news release ucla combined pesticides .pdf
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For Immediate Release
February 18, 2016
Mark Weller, Californians for Pesticide Reform, 831-‐325-‐1681, firstname.lastname@example.org
Paul Towers, PAN/CPR, 916-‐216-‐1082, email@example.com
New Report Links Pesticides Used in Combination Near Pajaro
Valley and Salinas Schools to Increased Cancer Risk
Policymakers urged to support comprehensive new rules that would protect children from
fumigants and other hazardous pesticides
Watsonville, California – A new report by the University of California, Los Angeles (UCLA) has shown an
increase in cancer risk from fumigant pesticides frequently used in combination near schools, including those
in the Pajaro and Salinas Valleys. In response to the report’s findings, a coalition of parents, health
professionals, teachers, farmworker advocates and labor unions has urged state policymakers to create
stronger protections for schoolchildren across the state.
“The pesticide problem is greater than the sum of its parts,” said Dr. Ann Lopez, Executive Director of the
Center for Farmworker Families and member of the Safe Strawberry Monterey Bay pesticide reform
coalition. “Pesticides in combination pose a significant threat that California officials aren’t taking into
account. They need to provide better protections, particularly for children — our most vulnerable.”
Fumigant pesticides are difficult-‐to-‐control, highly volatile gasses injected into the soil to control pests
around crops like strawberries, grapes, and orchard and root crops. They can persist in the air for days.
Over 25 million pounds of three fumigants — chloropicrin, metam salts, and Telone (1,3–dichloropropene) —
were applied in California in the last year on record (2013). According to the California Department of Public
Health, they are also three of the four most widely used pesticides near California schools. And 4.9 million
pounds were applied in Monterey and Santa Cruz Counties combined.
The new report by researchers at the UCLA Sustainable Technology & Policy Program entitled “Exposure and
Interaction: The Potential Health Impacts of Using Multiple Pesticides,” documents the increased cancer risk
of these three fumigant pesticides when any two are used in combination. The report suggests that
fumigants can each attack the body’s detoxification mechanisms, leaving the body more vulnerable to harm
when exposed to another fumigant simultaneously. And that threat is particularly acute for children.
“We face a growing epidemic of cancer and other threats to children’s health and learning potential from
pesticide exposure over the last decades,” said Safe Strawberry’s Carole Erickson, a retired public health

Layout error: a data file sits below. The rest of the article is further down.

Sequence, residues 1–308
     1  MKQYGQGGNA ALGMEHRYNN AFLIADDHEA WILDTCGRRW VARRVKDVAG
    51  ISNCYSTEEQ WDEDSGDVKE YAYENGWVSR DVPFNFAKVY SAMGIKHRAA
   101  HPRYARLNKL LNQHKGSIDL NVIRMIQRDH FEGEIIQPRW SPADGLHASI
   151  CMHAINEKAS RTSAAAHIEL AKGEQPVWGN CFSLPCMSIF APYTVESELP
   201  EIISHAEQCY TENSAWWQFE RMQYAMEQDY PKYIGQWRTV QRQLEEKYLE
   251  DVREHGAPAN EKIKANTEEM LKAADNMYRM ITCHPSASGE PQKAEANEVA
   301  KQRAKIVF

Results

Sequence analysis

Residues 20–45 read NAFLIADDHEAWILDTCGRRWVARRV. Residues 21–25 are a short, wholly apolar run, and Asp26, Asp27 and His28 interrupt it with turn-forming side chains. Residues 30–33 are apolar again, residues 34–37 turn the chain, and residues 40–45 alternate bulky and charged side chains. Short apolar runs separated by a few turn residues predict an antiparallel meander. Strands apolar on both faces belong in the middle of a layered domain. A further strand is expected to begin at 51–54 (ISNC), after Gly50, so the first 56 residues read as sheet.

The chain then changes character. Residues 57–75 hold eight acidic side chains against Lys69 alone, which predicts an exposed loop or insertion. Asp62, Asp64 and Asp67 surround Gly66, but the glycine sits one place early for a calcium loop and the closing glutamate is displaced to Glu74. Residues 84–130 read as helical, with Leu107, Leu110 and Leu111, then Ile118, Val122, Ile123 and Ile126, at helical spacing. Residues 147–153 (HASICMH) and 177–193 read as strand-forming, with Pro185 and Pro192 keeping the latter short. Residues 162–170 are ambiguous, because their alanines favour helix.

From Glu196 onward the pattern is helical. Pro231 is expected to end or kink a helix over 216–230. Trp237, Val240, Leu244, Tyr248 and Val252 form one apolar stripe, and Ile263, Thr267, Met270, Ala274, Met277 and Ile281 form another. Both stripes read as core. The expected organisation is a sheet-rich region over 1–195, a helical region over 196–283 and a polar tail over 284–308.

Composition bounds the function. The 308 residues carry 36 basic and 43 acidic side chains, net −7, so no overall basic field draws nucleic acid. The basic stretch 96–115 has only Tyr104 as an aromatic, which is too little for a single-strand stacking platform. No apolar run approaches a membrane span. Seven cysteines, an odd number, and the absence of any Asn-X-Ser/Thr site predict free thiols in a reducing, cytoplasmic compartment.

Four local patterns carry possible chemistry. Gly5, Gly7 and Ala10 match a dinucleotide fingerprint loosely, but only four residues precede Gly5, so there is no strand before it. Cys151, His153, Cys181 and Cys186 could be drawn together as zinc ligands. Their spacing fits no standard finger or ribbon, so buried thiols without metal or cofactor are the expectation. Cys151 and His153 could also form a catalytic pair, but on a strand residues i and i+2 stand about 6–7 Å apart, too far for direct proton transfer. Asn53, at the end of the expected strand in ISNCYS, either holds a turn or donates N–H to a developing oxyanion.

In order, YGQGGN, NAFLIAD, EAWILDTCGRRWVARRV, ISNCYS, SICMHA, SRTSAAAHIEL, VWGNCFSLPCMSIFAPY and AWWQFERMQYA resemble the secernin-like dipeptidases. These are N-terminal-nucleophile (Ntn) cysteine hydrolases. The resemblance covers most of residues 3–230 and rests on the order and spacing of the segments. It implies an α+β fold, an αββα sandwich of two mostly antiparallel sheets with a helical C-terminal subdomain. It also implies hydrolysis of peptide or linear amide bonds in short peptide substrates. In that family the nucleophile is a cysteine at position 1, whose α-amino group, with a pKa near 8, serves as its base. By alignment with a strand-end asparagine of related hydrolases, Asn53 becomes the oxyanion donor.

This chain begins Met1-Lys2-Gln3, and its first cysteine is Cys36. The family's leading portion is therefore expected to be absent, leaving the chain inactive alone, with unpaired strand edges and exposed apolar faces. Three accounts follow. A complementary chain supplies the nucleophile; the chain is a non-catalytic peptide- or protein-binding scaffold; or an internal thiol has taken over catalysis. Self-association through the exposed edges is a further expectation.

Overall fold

nurse. “Just like prescription drugs, when used in combination pesticides can grow in potency. The only
difference is that – unlike the FDA – state officials aren’t warning us about these interactions.”
Children’s developing bodies take in more of everything. Relative to their size, kids eat, breathe and drink
much more than adults. An infant takes in about 15 times more water than an adult per pound of body
weight, and up to age 12, a child inhales roughly twice as much air.
UCLA researchers are also quick to point out that “interactive effects from [fumigants] and other pesticides
may also increase the risk of other human health problems, including those related to developmental,
reproductive, and neurotoxicity.”
Members of Safe Strawberry Monterey Bay, a local coalition of parents, health professionals, teachers,
farmworker advocates and labor unions, called on state and local officials to accept their responsibility to
protect children from pesticides linked to cancer and other serious health harms. The California Department
of Pesticide Regulation is mandated by the state to consider real-‐world and cumulative exposures to
pesticides. And right now, over 500,000 California schoolchildren attend schools near highly hazardous
pesticide use—more than 18,000 in Monterey County alone. A disproportionate number of these impacted
children are Latino.
“State and local officials have failed to provide even the most minimal rules for pesticides used near
schoolchildren,” said Pajaro Valley schoolteacher, Francisco Rodriguez. “We see these fumigants used in
combination near Pajaro and Salinas Valley Schools all the time. New rules must at least make one mile no-‐
spray or no-‐fumigation zones around schools, to reduce the risk of exposure to the most hazardous
pesticides, alone or in combination.”
Officials at the Department of Pesticide Regulation have indicated they will consider rules to restrict
hazardous pesticide use near schools as early as next month. Members of Safe Strawberry and the statewide
coalition Californians for Pesticide Reform, along with allies such as the California Teachers Association and
California Federation of Teachers, are pressing for permanent one-‐mile no-‐spray zones around schools for
the most hazardous agricultural pesticides, as well as additional restrictions on aerial, fumigation and air
blaster applications — and better notification around proposed applications to parents and teachers.
Figure 1. Fumigant pesticide use near local schools
Source: California Department of Public Health, 2014
Californians for Pesticide Reform (CPR) is a statewide coalition of more than 190 organizations, founded in
1996 to fundamentally shift the way pesticides are used in California. CPR's mission is to protect public
health, improve environmental quality and expand a sustainable and just agriculture system by building a
diverse movement across California to change statewide and local pesticide policies and practices.